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Granulocyte macrophage colony-stimulating factor
Granulocyte-macrophage colony-stimulating factor, often abbreviated to GM-CSF, is a protein secreted by macrophages, T cells, mast cells, endothelial cells and fibroblasts.
Additional recommended knowledge
GM-CSF is a cytokine that functions as a white blood cell growth factor. GM-CSF stimulates stem cells to produce granulocytes (neutrophils, eosinophils, and basophils) and monocytes. Monocytes exit the circulation and migrate into tissue, whereupon they mature into macrophages. It is thus part of the immune/inflammatory cascade, by which activation of a small number of macrophages can rapidly lead to an increase in their numbers, a process crucial for fighting infection. The active form of the protein is found extracellularly as a homodimer.
The gene has been localized to a cluster of related genes at chromosome region 5q31, which is known to be associated with interstitial deletions in the 5q- syndrome and acute myelogenous leukemia. Other genes in the cluster include those encoding interleukins 4, 5, and 13.
Human granulocyte macrophage colony-stimulating factor is glycosylated in its mature form. The glycosylation sites are reported to be at amino acid residues 23 (leucine), 27 (asparagine), and 39 (glutamic acid) (see US Patent No. 5,073,627).
GM-CSF is also known as molgramostim or, when the protein is expressed in yeast cells, sargramostim (Leukine®).
GM-CSF is used as a medication to stimulate the production of white blood cells following chemotherapy. It has also recently been evaluated in clinical trials for its potential as a vaccine adjuvant in HIV-infected patients. The preliminary results have been promising but GM-CSF is not presently FDA-approved for this purpose.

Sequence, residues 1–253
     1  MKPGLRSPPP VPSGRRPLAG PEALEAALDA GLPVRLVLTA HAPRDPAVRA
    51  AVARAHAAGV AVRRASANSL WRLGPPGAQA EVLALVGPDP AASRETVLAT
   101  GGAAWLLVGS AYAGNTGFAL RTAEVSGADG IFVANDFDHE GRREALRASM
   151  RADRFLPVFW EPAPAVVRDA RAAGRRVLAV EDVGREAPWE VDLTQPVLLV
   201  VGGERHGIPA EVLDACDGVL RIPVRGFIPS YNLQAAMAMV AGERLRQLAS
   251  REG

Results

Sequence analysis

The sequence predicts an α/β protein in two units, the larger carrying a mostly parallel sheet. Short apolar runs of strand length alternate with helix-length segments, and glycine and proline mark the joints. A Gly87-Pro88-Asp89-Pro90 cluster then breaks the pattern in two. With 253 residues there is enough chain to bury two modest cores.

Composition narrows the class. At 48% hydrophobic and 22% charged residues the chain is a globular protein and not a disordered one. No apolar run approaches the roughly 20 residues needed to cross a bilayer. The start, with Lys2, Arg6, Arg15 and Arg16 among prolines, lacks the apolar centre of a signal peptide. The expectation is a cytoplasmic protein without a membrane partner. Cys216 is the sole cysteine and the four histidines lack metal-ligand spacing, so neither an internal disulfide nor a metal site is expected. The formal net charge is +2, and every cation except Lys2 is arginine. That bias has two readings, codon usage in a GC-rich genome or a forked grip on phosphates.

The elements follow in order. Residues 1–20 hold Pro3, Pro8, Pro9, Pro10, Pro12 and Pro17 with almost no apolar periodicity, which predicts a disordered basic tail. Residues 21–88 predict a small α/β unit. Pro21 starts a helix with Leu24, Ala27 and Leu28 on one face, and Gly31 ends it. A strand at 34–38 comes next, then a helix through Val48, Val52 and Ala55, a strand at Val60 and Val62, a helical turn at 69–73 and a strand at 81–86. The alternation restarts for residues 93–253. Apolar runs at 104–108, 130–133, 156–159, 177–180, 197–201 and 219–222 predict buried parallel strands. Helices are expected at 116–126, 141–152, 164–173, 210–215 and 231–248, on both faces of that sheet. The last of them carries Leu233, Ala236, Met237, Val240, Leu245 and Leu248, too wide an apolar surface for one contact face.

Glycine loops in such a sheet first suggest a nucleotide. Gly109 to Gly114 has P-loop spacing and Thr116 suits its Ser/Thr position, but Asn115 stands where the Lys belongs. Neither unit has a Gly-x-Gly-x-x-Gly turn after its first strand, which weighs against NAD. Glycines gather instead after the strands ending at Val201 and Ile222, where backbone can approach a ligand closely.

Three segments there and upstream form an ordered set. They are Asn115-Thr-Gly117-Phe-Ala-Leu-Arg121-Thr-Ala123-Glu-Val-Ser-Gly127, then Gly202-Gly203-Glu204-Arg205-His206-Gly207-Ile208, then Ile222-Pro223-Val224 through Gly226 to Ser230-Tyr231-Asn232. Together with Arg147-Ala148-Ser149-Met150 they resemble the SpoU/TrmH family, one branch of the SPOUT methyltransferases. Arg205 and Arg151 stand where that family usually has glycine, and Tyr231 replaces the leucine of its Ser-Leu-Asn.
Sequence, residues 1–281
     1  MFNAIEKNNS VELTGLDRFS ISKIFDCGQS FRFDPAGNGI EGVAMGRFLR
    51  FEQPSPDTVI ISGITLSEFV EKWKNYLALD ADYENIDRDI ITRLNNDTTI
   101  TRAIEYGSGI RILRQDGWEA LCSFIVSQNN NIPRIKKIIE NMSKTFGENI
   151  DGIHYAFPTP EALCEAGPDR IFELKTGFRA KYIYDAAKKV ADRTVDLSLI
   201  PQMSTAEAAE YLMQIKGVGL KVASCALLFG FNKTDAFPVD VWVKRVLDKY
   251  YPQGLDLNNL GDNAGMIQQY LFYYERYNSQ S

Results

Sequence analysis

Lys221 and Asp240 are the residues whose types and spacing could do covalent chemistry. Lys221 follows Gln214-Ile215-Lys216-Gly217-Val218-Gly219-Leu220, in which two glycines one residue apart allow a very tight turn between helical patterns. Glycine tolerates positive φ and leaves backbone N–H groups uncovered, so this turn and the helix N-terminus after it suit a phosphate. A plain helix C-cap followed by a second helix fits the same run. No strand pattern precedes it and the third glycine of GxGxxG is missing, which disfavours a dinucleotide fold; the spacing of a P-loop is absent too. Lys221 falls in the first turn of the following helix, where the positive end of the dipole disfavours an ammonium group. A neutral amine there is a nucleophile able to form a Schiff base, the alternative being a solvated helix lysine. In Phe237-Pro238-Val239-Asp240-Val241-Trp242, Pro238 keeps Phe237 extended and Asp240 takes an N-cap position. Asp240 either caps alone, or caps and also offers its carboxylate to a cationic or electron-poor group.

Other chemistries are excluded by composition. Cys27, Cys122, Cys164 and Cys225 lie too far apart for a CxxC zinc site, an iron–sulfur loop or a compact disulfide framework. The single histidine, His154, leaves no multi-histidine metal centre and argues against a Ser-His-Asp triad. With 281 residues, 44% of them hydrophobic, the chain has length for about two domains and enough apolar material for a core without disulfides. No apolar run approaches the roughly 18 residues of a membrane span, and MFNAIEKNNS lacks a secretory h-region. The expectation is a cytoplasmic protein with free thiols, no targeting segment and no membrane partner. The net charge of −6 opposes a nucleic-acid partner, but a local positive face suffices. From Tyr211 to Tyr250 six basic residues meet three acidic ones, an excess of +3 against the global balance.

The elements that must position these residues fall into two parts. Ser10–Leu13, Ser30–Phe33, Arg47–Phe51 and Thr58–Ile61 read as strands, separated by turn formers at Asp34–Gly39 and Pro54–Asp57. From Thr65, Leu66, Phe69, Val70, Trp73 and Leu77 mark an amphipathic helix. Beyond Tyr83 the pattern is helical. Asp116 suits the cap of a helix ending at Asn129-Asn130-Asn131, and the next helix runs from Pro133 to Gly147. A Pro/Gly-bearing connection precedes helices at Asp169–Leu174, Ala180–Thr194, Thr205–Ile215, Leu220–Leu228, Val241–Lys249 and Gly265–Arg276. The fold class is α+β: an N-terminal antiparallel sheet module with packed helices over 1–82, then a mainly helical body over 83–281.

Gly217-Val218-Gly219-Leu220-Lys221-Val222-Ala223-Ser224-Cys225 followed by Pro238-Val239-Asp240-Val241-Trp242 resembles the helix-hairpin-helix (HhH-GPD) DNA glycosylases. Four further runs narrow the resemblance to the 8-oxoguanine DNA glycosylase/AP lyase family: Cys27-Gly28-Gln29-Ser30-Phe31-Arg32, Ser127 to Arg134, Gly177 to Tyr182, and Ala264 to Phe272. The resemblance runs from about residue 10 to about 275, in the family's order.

Leukine is the trade name of sargramostim manufactured by Berlex Laboratories, a subsidiary of Schering AG. Its use was approved by U.S. Food and Drug Administration for acceleration of white blood cell recovery following autologous bone marrow transplantation in patients with non-Hodgkin's lymphoma, acute lymphocytic leukemia, or Hodgkin's disease in March 1991. In November 1996, the FDA also approved sargramostim for treatment of fungal infections and replenishment of white blood cells following chemotherapy.
Berlex funded a study that ran in the May 26 2005 issue of the New England Journal of Medicine which concluded that, GM-CSF did produce significantly more remissions in Crohn's disease than those who received a placebo in the study, and it also decreased disease severity and improved quality of life.
The study's lead author, Joshua Korzenik of Harvard Medical School and Massachusetts General Hospital, is a paid consultant for Berlex , and co-inventor of the patent which is owned by Washington University. Korzenik created a "firewall" to protect the integrity of the study, consisting of two committees to review the study results and process as well and sending trial data to outside clinicians for review.
|This article is licensed under the GNU Free Documentation License. It uses material from the Wikipedia article "Granulocyte_macrophage_colony-stimulating_factor". A list of authors is available in Wikipedia.|